Brazilian exhibition puts out a call to combat domestic violence

By staff writers
December 20, 2006

In a symbolic act of ending the year that began with the first World Council of Churches general assembly in Latin America, WCC central committee moderator the Rev Dr Walter Altmann visited an interactive exhibition on domestic violence in downtown Porto Alegre/Brazil earlier this month (December 2006).

"Nem tao Doce Lar" ("Not so sweet Home") is a local initiative related to the WCC’s Decade to Overcome Violence. "The churches' commitment to overcome violence should be established not only on global levels, but also in interpersonal relationships” Altmann declared.

The interactive exhibition is based on a German initiative, "Rosenstrasse", created by the anthropologist Una Hombrecher with the support of the agency Brot fur die Welt. The idea is to reproduce a domestic environment (there are many secrets behind those four walls) that people can enter, touch objects, read about the issue of domestic violence, and discover, little by little, clues that show that things are not as wonderful as they appear.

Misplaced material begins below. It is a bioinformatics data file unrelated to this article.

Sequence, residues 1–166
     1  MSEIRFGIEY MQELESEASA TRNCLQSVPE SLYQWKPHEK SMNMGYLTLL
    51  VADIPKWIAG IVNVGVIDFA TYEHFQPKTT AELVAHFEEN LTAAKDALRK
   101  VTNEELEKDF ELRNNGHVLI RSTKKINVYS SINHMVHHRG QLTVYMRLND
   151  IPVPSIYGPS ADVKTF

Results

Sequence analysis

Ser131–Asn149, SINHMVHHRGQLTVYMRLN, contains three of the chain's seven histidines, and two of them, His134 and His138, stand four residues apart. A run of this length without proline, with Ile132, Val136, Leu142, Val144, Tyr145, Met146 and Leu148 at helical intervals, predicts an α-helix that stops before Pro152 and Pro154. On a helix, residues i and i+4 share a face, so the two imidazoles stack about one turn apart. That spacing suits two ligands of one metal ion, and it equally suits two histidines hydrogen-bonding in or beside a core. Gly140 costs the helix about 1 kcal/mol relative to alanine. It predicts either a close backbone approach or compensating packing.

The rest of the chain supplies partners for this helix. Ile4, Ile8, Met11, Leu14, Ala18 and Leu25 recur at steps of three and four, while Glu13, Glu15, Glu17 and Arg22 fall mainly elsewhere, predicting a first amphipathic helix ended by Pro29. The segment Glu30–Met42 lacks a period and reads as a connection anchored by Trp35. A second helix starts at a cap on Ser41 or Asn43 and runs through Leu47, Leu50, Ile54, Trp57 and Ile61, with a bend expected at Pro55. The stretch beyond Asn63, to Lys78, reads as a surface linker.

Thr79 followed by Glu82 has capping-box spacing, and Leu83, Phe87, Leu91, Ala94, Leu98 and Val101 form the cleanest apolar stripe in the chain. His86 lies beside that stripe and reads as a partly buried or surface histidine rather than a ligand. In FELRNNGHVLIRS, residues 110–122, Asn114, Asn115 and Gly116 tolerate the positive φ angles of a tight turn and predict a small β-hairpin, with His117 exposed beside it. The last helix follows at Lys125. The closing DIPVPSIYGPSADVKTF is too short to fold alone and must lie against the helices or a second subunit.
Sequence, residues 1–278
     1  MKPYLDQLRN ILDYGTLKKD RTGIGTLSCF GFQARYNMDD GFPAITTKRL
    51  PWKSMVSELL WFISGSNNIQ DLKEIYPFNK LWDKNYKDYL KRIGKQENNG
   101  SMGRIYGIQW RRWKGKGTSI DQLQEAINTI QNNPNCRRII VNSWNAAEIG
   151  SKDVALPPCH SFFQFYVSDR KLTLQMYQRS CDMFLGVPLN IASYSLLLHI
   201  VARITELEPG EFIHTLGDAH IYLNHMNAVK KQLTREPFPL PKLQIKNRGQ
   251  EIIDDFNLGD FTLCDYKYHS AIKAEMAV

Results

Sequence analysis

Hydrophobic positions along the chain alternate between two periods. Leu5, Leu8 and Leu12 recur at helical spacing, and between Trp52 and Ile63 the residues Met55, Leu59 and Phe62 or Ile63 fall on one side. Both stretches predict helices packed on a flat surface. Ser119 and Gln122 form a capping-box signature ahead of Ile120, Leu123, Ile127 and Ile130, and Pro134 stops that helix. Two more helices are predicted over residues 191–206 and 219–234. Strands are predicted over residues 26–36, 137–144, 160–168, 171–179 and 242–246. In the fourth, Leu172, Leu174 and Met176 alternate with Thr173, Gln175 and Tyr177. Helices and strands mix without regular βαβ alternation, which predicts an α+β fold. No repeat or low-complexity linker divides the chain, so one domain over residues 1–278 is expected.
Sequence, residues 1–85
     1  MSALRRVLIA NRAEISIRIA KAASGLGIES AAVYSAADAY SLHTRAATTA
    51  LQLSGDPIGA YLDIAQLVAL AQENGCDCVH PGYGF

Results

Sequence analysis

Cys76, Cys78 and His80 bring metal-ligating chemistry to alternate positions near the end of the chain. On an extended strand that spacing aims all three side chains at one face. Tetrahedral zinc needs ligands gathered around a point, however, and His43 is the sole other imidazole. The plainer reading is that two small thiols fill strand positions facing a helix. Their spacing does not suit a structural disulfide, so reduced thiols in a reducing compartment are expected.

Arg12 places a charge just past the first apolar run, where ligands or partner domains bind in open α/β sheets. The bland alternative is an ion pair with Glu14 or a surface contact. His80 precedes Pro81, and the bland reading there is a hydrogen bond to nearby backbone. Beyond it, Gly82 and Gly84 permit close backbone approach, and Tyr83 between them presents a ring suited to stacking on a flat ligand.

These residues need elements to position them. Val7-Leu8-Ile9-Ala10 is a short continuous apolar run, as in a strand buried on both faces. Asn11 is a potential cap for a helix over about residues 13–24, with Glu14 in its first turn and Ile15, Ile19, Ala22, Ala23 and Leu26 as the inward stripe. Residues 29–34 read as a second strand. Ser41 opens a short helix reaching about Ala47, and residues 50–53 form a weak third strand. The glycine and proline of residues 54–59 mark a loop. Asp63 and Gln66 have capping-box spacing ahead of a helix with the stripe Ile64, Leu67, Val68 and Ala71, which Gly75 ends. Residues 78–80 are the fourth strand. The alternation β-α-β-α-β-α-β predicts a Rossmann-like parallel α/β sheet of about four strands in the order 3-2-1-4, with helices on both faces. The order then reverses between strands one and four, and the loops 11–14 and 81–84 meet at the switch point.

The exhibition has been adapted to the Brazilian reality, and is being organized simultaneously in several Brazilian cities by the Lutheran Diakonia Foundation with the support of local groups of women, young adults and children.

"This exhibition is having an enormous impact here in Porto Alegre’s public market. It takes the issue of violence outside the church and makes more people aware of the problem of domestic violence – that affects not only women, but also children, people with disabilities and the elderly”, Dr Altmann commented.

He was visiting the exhibition, Altmann explained, in order to express that churches in Latin America had heard the call of the WCC Assembly on the issue o violence and remain committed to combatting it.

"This year's Decade to Overcome Violence focus on Latin America has enabled churches to express their public witness to issues beyond their religious and confessional environment."

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